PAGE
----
Massachusetts Daily Collegian

A free and responsible press serving the UMass community since 1890

A free and responsible press serving the UMass community since 1890

Massachusetts Daily Collegian

A free and responsible press serving the UMass community since 1890

Massachusetts Daily Collegian

Former NFL star talks athletes’ struggle to live life as role models

For years, athletes have been viewed as icons for children growing up, idolizing their favorite players from their favorite teams. But after Nike ran a commercial in 1993 of Charles Barkley stating that he is not a role model, the question began to be tossed around: should athletes be role models?

That topic was opened for discussion Wednesday night at the University of Massachusetts when former National Football League running back Ricky Williams, ESPN personality Kevin Blackistone and UMass professor Todd Crosset debated the role of athletes in society.

Williams served as an example of an athlete that went from the highest of highs to the lowest of lows.

Cade Belisle/Collegian

Prior to his first retirement from the NFL in 2004, Williams was an All-American  at the University of Texas and won the Heisman Trophy in 1998 as college football’s top player. That collegiate success eventually led to his selection in the 1999 NFL Draft.

Coming out of college, Williams said he embraced the idea of being a role model to children. He said he took a humble approach to his own success.

“When I think of being a role model, it isn’t trying to be perfect, it’s just trying to be myself,” Williams said.

But within five years of being one of football’s top rushers, a failed drug test for marijuana on three different occasions prompted him to retire abruptly in 2004.

His story is reminiscent of those of several other high-profile athletes who have experienced even harder falls from grace, most notably Alex Rodriguez, Tiger Woods and Lance Armstrong. All three went from being at the top of their sport, both statistically and as role models, to struggling to find the support from the same fans that watched them play every day.

Crosset, who teaches the sociology of sport, believes that athletes find themselves in even harder spots than other celebrities because of their ties to teams with passionate fan bases.

“I think sports teams and athletes are in an unusual situation because the fans think that they’re helping the team win, so it’s creating a different relationship between the audience,” Crosset said.

Crosset said that sports fans are more invested in their teams, making them more passionate about the players they root for. This, he said, would naturally make fans more personally affected if their favorite athletes faced legal trouble than if it were their favorite actors or singers.

But there are other aspects that make it harder for athletes to fulfill the responsibility of being a role model, the speakers said.

“If people expect you to mess up, when you finally do, they keep reminding you about it,” Williams said. “I apologized to everyone for my actions, but I didn’t apologize for being myself. … If you’re trying to fit into something that people want you to be, that’s not something that I’m teaching to my kids.”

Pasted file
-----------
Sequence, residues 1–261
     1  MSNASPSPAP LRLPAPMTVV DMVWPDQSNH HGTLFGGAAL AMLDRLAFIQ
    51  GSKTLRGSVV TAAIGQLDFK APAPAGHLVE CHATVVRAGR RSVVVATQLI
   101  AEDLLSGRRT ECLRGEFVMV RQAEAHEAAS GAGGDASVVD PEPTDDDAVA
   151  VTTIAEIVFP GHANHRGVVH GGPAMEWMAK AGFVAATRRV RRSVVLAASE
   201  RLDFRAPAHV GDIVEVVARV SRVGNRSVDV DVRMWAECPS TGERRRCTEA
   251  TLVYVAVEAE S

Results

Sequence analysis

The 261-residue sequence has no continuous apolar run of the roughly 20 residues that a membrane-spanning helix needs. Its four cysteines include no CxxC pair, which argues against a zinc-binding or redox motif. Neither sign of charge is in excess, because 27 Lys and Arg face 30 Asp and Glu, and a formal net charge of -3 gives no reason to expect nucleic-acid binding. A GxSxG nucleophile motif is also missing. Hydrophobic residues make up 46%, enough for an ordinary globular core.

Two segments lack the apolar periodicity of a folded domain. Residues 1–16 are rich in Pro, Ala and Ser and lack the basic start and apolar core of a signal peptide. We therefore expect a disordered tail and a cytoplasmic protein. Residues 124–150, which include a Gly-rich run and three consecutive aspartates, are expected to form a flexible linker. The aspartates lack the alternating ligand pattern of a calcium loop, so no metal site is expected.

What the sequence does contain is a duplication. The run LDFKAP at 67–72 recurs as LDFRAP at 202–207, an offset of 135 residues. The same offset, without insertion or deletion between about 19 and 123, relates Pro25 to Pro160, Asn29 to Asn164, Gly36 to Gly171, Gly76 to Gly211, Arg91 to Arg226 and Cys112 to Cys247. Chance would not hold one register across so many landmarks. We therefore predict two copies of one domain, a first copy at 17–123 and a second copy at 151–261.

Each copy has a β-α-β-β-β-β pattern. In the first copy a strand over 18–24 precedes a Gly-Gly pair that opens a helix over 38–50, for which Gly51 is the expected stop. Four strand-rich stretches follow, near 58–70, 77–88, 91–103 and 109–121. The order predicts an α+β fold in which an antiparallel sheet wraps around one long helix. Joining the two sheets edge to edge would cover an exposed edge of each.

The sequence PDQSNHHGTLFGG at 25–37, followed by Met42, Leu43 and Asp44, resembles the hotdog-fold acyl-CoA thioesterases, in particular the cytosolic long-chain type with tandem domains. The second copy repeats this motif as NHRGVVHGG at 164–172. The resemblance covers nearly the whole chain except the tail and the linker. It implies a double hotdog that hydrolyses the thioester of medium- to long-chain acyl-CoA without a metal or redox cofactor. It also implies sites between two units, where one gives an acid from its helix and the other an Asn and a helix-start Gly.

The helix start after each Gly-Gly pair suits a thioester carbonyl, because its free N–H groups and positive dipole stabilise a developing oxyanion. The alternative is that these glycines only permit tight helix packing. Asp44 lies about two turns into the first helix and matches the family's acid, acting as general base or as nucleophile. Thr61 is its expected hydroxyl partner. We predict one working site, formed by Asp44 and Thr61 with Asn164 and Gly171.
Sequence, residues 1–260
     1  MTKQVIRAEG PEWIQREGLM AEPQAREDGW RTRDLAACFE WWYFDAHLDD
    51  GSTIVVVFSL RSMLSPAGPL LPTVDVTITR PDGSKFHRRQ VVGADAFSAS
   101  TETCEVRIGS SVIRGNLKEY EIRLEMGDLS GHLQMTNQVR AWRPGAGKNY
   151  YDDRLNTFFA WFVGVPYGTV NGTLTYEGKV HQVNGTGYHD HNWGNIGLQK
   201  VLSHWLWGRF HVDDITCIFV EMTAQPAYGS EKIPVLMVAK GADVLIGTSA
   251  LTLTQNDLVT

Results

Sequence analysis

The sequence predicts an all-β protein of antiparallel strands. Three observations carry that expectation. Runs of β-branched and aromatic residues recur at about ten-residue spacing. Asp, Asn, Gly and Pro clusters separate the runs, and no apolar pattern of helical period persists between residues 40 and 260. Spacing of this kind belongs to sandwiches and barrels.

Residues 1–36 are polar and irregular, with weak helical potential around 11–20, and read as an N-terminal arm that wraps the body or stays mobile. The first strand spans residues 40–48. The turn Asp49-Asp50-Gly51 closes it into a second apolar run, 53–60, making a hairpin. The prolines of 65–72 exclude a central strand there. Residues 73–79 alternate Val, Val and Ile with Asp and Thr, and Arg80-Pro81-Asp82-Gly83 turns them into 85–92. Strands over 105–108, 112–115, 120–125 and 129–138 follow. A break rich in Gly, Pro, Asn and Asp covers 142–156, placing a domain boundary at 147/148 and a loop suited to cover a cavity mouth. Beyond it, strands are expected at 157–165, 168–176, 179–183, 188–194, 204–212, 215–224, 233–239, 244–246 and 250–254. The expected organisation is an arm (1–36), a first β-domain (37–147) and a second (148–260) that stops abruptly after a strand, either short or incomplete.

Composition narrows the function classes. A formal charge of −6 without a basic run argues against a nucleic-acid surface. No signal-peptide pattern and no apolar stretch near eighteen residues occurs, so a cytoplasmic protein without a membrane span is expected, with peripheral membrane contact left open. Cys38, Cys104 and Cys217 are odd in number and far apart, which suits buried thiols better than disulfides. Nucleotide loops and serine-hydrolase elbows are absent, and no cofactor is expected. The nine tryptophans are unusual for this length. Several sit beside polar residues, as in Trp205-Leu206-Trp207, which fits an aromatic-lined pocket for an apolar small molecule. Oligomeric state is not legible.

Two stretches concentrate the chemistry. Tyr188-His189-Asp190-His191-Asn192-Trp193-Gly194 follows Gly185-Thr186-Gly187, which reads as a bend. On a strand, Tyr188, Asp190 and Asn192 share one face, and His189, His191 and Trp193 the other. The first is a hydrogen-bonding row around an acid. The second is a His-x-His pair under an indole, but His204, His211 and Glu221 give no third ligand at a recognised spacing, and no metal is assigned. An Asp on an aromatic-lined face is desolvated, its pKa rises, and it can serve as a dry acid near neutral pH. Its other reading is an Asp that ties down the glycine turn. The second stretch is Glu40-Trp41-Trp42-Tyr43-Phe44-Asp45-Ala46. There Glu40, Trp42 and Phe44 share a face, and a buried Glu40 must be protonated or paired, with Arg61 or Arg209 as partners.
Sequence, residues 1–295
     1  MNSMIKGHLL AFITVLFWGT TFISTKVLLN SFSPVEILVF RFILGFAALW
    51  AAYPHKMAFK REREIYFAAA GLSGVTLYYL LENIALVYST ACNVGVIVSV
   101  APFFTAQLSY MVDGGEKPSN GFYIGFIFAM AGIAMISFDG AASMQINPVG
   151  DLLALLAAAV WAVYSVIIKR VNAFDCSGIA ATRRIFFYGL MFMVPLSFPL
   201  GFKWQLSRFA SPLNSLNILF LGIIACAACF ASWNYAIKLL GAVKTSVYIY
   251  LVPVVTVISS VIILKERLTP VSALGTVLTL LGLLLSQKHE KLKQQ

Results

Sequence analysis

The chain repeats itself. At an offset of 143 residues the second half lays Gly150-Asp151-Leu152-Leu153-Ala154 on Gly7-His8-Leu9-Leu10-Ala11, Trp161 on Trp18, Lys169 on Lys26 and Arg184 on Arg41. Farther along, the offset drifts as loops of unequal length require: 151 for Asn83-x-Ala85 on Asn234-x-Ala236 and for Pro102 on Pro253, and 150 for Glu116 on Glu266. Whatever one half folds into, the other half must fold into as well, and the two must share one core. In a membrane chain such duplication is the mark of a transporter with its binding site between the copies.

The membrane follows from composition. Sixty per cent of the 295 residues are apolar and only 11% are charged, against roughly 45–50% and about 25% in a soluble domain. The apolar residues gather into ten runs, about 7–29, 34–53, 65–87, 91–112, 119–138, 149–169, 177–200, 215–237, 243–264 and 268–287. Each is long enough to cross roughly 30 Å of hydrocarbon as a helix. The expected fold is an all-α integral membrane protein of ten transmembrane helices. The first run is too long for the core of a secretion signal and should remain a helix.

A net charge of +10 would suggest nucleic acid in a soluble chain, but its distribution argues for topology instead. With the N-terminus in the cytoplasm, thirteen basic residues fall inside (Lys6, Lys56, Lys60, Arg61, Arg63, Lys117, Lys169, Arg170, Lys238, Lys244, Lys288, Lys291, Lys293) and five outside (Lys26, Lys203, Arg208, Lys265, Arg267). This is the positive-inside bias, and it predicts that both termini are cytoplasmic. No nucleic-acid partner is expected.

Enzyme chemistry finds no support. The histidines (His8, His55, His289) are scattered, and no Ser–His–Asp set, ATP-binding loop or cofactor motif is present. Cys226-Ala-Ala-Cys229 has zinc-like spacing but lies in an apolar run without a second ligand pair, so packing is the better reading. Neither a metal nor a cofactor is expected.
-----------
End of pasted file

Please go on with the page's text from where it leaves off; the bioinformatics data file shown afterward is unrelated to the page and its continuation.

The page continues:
Athletes like Williams can get held to a higher standard, speakers said, but only once they make it onto the big stage.

Blackistone cited  Texas A&M quarterback Johnny Manziel as an athlete whose immediate rise to stardom came at a cost. Manziel became the first freshman to win the Heisman trophy following a record-breaking season in 2012. Manziel was praised for his on-field accomplishments, but  it was not until a few weeks before the trophy announcement that the national media began paying attention to his off the field woes, which included an arrest in June of that year on charges of being in possession of a fake ID.

“It’s when people come into our consciousness that people become role models,” Blackistone said. “I know people that refused to vote for (Manziel) because he didn’t live up to the ‘Heisman standard.’”

Blackistone went on to add that he believes that much of the sporting world is still divided by race, with three major sports – football, baseball and basketball –  being dominated by athletes of color, while the sports media is primarily white.

When Williams broke into the NFL back in 1999, he said he frequently did interviews with his helmet on because it was his way of not giving in to what the media wanted him to be.

“The media didn’t care who was under the helmet, they were trying to create an image,” Williams said. “If they were really curious about who was under the helmet, I would have taken it off.”

Williams made a comeback to the NFL in 2007 and played until the 2011 season. But once an athlete is knocked the pedestal, it can be hard to get back on it, as Williams can attest to.

It took Woods two years to finally win a tournament after a sex scandal became publicized. Rodriguez has had glimpses of his old self, but has not been the same since his admission to steroids.

“For the most part, being an athlete is hard. It’s really hard,” Crossing said. “Most of the people are just trying to be excellent.”

Patrick Strohecker can be reached at pstroh[email protected] and followed on Twitter at @MDC_Strohecker.

Leave a Comment
More to Discover

Comments (0)

All Massachusetts Daily Collegian Picks Reader Picks Sort: Newest

Your email address will not be published. Required fields are marked *